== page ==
The clinical implications and recommendations from this study include the mandatory need for regular systemic and oral health checkups for a constant vigil over clinical and radiographic parameters of the implant and the prosthesis. For in-office debridement of the implant site, both the lasers and CHX can be provided to the patient. Keeping in mind the clinical scenario and the financial aspect involved, the final call can be made.

Misch states that the first decontamination appointment should be succeeded by a follow-up visit after about 1 month. This can be followed by regular 3-month recalls. In case of a good intraoral health and condition, a 3–6-month recall system can be established. Patient education and motivation about a stringent home care regimen is also equally essential. This can include a combination of tooth brushing aids, auxiliary hygiene devices, and antibacterial mouthwashes.[32]

The strengths of the current study included the conservative target approach for implant maintenance. All the steps were in compliance with good clinical practices. Culture-independent techniques increased the speed and sensitivity of microbiological analysis and the viability dye gave the accurate quantification of the viable bacteria on the samples before and after laser and CHX treatments.

However, further research can be done with larger sample sizes, in vivo study designs, other causative microorganisms of peri-implantitis, and further in-depth research regarding the effect of lasers on different surface designs and characteristics of an implant fixture and prosthesis.


  Conclusion Top


  1. Contemporary times call for the need of early detection and conservative management of peri-implant diseases. Out of all the documented conservative treatment protocols for implant detoxification, laser and CHX were two treatments that have been under the radar for recognition as the relatively superior one among the two
  2. The results of the current study showed that both diode laser treatment and CHX disinfection treatment gave a similarly high degree of antibacterial efficacy against A. actinomycetemcomitans, present on implant healing abutments. However, when compared in between the two, laser treatment gave a postoperative BVR of A. actinomycetemcomitans that was marginally higher as compared to the one observed after CHX treatment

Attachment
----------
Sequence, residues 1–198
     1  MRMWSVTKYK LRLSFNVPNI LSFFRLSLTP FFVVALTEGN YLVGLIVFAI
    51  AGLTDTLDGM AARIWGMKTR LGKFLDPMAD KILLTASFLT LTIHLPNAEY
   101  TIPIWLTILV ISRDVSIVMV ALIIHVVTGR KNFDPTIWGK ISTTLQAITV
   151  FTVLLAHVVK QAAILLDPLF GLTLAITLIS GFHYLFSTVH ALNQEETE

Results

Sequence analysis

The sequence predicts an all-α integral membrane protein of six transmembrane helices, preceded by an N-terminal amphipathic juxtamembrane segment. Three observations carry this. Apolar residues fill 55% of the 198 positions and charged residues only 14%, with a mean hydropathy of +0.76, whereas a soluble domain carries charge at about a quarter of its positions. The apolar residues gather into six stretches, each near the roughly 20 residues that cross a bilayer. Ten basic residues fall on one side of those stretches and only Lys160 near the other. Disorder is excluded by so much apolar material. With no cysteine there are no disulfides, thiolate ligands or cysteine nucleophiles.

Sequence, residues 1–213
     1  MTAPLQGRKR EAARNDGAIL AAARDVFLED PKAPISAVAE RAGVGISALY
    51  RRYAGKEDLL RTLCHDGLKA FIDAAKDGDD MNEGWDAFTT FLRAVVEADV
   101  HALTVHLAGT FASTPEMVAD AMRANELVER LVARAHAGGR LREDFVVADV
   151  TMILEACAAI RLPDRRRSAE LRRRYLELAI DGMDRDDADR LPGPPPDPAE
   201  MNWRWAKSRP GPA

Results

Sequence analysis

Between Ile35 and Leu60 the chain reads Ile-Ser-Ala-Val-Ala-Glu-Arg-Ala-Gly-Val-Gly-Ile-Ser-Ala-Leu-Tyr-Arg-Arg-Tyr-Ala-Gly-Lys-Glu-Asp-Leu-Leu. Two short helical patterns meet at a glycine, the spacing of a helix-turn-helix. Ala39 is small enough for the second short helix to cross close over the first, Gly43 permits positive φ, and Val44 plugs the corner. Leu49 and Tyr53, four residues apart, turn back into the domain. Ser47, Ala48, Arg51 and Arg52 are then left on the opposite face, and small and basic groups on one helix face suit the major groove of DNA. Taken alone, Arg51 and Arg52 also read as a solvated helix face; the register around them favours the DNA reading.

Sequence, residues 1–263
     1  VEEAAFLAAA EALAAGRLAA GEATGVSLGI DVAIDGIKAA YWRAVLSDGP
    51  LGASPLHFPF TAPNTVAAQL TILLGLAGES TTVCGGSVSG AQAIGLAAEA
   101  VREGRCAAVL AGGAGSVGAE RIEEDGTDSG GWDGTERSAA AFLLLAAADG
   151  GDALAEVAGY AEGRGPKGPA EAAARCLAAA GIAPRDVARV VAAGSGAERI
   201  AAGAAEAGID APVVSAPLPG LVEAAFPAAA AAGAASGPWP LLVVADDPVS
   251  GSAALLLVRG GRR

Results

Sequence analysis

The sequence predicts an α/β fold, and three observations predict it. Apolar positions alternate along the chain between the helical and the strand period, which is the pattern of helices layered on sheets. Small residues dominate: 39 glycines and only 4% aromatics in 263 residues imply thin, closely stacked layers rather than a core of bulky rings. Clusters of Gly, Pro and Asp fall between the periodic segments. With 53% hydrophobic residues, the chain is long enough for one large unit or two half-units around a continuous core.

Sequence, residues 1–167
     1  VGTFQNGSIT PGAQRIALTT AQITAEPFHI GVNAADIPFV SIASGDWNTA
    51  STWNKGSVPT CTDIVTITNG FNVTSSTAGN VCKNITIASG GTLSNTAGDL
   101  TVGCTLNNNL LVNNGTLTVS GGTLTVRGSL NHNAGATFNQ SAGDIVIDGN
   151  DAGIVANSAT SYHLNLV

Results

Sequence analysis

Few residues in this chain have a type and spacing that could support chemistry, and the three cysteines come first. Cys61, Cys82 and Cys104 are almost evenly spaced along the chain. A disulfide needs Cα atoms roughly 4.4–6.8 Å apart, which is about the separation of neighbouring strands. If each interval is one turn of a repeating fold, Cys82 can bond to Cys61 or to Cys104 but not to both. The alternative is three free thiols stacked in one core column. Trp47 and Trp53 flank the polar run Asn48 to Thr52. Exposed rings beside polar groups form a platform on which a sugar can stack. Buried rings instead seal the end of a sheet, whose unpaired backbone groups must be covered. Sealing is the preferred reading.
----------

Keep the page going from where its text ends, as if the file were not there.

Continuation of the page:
3. Consequently, laser and CHX treatments gave similar high percentages of overall bacterial reduction of A. actinomycetemcomitans present on implant healing abutments. However, on drawing a comparative evaluation, it was seen that CHX brought about a bacterial reduction that was marginally higher as compared to the one seen after laser treatment
  4. Laser therapy is garnering increasing popularity among all fields on dentistry, owing to minimal bleeding, high efficiency, and faster healing. Hence, it can also be considered to be an efficient treatment modality for implant surface decontamination and implant maintenance that is at par with other conventional nonsurgical mechanical and chemical options for carrying out similar procedures.


Acknowledgment

We sincerely acknowledge and express our heartfelt gratitude toward the Indian Council of Medical Research (ICMR) for having provided us with the financial aid for the current study in the form of the annual ICMR PG Thesis Research Grant for MDS students, June 2020 (Ref No. 3/2/June-2020/PG-Thesis-HRD (48D). The amount has been duly used for the smooth conduct of our study.

Financial support and sponsorship

This study was financially supported by the Indian Council of Medical Research (ICMR) Annual Thesis Financial Assistance for MDS students (Ref No. 3/2/June-2020/PG-Thesis-HRD (48D).

Conflicts of interest

There are no conflicts of interest.



 
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    Figures

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    Tables